3. Identify your power users.
Some staff members will embrace AI more readily than others—and some will find it more intuitive than others. Keep an eye on usage metrics so you can identify your best users early on.
These “peer champions” can be instrumental in helping lagging adopters get more comfortable with the new technology. So, leverage them for peer training groups or even one-on-one coaching.
Nisheeta Setlur, VP of Customer Success at Eleos Health, also recommends partnering with your AI vendor to capture testimonials—think “hype” videos and quotes—that you can circulate internally to continue building excitement around the technology.
This is one area where your organization’s dedicated Customer Success Manager can be a huge asset, because—as we’ll talk more about below—their number-one goal should be helping you achieve and evangelize the full value of Eleos across your organization.
4. Make training sessions short and sweet.
The goal of any technology training session isn’t just teaching people how to use the platform—it’s also creating the best possible first impression of the platform.
When you train providers on a software like Eleos, most of them will be seeing it for the first time. They might even be seeing AI for the first time—and that can be scary.
That’s why Christina Stewart, Eleos Health’s Training Lead, tries to keep user training sessions as short and simple as possible. In her eyes, there’s no reason to drag out education on a software that’s supposed to be easy to use—and doing so could create the false perception that the technology is more complicated than it really is.
As she mentioned during the webinar, the typical in-person Eleos training lasts about two hours—which she says is a “sweet spot” for several reasons:
- Providers can start using the product the same day they train on it. This keeps the momentum and enthusiasm going and helps users better retain what they’ve learned.
- Provider time is precious. Many staff members have back-to-back client sessions, and pulling them out of their regular schedule for even a couple of hours is a lot to ask. So, it’s important for tech vendors to show that they respect providers’ time. To that end, providing a variety of follow-up resources and self-education materials is also helpful.
- Keeping the actual training piece short ensures that staff have ample time to voice their questions and concerns. Stewart says this is crucial to fostering provider buy-in. “Offer them a safe space while they are learning,” she said, adding that clinical staff members should always feel comfortable speaking up. “The moment clinicians feel you are beating around the bush or not answering their questions, you’ve lost them.”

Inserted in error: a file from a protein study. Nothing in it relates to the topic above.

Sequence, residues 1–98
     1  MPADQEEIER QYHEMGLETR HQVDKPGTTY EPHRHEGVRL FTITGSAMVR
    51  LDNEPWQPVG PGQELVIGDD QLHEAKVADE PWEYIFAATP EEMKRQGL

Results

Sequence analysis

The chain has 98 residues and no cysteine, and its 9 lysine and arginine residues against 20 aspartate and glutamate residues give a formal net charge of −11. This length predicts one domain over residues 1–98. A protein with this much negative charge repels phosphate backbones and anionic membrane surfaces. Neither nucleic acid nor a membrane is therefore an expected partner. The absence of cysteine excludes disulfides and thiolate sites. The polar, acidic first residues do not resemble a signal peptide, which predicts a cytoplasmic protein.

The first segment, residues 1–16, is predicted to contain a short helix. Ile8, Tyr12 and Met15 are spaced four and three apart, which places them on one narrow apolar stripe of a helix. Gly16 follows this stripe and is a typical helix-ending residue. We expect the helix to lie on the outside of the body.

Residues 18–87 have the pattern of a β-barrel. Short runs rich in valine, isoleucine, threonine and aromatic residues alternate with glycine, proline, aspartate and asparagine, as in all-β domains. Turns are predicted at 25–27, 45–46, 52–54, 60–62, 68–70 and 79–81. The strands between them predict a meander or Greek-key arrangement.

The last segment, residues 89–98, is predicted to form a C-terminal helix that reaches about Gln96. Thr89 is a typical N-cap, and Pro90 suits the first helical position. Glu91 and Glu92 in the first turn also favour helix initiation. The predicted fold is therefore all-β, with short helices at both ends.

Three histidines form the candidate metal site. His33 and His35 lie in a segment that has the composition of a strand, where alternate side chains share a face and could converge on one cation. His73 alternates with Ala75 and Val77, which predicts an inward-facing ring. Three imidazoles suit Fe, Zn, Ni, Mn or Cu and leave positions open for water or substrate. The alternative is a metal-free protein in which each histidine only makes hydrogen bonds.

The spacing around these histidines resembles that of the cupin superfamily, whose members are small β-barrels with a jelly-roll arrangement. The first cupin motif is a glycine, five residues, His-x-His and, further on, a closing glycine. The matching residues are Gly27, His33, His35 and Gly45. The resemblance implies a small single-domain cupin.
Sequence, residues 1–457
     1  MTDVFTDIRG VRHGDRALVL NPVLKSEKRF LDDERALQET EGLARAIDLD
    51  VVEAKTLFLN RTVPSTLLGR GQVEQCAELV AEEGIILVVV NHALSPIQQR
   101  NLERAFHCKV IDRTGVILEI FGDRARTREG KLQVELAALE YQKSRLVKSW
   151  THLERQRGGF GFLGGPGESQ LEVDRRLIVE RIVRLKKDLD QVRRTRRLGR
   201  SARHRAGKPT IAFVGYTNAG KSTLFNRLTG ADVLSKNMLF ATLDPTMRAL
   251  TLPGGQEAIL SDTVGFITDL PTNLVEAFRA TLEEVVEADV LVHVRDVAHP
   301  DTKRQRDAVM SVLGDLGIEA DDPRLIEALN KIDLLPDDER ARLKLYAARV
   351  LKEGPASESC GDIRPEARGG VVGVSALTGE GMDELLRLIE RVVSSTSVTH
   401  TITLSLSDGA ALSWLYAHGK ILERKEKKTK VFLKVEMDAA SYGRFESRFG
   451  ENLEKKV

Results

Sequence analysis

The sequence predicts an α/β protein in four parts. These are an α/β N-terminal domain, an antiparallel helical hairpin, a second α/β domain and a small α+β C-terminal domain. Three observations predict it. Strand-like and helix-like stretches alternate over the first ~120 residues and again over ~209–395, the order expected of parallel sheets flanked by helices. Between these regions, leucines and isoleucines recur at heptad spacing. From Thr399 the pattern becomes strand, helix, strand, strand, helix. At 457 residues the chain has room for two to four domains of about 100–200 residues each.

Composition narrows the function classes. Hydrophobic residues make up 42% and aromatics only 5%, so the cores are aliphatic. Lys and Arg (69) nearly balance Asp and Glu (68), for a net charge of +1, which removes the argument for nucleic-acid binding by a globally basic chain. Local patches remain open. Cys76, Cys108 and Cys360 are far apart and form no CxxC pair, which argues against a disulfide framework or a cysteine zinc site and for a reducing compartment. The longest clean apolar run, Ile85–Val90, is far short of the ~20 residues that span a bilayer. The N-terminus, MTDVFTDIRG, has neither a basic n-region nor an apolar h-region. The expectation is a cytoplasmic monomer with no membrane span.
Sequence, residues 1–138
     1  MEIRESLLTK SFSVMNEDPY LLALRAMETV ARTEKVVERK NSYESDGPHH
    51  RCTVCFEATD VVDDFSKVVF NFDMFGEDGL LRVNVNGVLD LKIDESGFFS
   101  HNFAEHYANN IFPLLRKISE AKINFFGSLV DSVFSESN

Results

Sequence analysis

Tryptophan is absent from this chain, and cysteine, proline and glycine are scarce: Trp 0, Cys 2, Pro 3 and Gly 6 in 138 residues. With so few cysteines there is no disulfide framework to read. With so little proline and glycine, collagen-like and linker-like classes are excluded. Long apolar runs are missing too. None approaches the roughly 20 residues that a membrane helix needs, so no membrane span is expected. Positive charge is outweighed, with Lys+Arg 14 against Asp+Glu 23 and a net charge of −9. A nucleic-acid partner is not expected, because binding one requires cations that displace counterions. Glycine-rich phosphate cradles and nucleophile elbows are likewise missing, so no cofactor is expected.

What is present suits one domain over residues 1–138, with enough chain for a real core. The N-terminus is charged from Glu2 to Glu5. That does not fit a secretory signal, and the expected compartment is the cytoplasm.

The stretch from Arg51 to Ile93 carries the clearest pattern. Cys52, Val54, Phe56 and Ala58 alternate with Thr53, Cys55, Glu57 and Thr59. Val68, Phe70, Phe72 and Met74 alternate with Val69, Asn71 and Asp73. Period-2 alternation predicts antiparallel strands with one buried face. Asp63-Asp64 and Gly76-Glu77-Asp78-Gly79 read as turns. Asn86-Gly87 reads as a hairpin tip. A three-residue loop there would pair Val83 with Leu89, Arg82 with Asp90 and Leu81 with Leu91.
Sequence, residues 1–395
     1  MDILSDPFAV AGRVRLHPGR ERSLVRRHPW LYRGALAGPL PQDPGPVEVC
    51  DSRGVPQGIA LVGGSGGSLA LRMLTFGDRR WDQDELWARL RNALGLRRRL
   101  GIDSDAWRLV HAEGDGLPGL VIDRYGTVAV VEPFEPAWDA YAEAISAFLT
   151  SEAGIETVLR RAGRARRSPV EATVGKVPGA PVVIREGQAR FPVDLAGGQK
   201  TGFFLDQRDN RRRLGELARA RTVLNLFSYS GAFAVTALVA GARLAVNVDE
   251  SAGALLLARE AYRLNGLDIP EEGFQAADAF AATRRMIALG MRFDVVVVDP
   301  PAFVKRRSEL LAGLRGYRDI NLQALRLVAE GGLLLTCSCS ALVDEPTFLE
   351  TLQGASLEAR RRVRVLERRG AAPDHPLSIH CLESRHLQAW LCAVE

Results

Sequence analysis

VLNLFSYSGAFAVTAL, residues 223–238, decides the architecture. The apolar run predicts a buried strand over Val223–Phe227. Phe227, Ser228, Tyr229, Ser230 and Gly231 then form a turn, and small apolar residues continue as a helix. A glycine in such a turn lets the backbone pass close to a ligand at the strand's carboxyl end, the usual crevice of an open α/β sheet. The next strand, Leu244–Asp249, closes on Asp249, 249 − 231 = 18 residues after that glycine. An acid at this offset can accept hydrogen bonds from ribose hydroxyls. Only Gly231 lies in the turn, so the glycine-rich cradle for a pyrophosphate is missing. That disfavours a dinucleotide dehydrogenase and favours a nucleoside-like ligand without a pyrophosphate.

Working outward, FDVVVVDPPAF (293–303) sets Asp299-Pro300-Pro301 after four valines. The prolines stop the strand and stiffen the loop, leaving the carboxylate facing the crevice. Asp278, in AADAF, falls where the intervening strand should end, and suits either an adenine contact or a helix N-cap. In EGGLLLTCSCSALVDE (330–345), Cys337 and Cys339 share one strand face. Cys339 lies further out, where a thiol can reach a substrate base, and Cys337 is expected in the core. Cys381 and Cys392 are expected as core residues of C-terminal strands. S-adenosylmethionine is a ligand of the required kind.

5. Strive to create lightbulb moments.
Whether it’s during the training itself or afterwards—when providers start to test Eleos during their sessions—Stewart says her ultimate goal is leading users to their personal “lightbulb moment.” By that, she means the moment a provider realizes the breadth of impact Eleos can have not only on their clinical practice, but also on their quality of life.
These moments when the value of the technology “clicks” are invaluable to driving adoption and usage—especially in a field where technology has not historically focused on making providers’ jobs easier.
“All clinicians are going to bring to the table different backgrounds and styles of documentation—different ways they’ve been trained on writing notes,” Benedetto said. “But they can all get to that lightbulb moment of realizing that their documentation can be improved, or realizing how much time a tool like Eleos is going to save them.”
6. Get staff excited about the technology.
One thing we’re known for at Eleos is the energy we bring to each training session—and that enthusiasm is very intentional.
As Stewart explained during the webinar, the environment in which you introduce AI technology to staff is just as important as the quality of training you provide. People are going to put more effort into learning and adopting a tool they are excited about.
So, Stewart and the Eleos crew always bring the fun to each training. They’ve even been known to sing, dance, and break into mid-training jumping jacks. “We like to bring a party with us,” she said.
7. Define shared goals.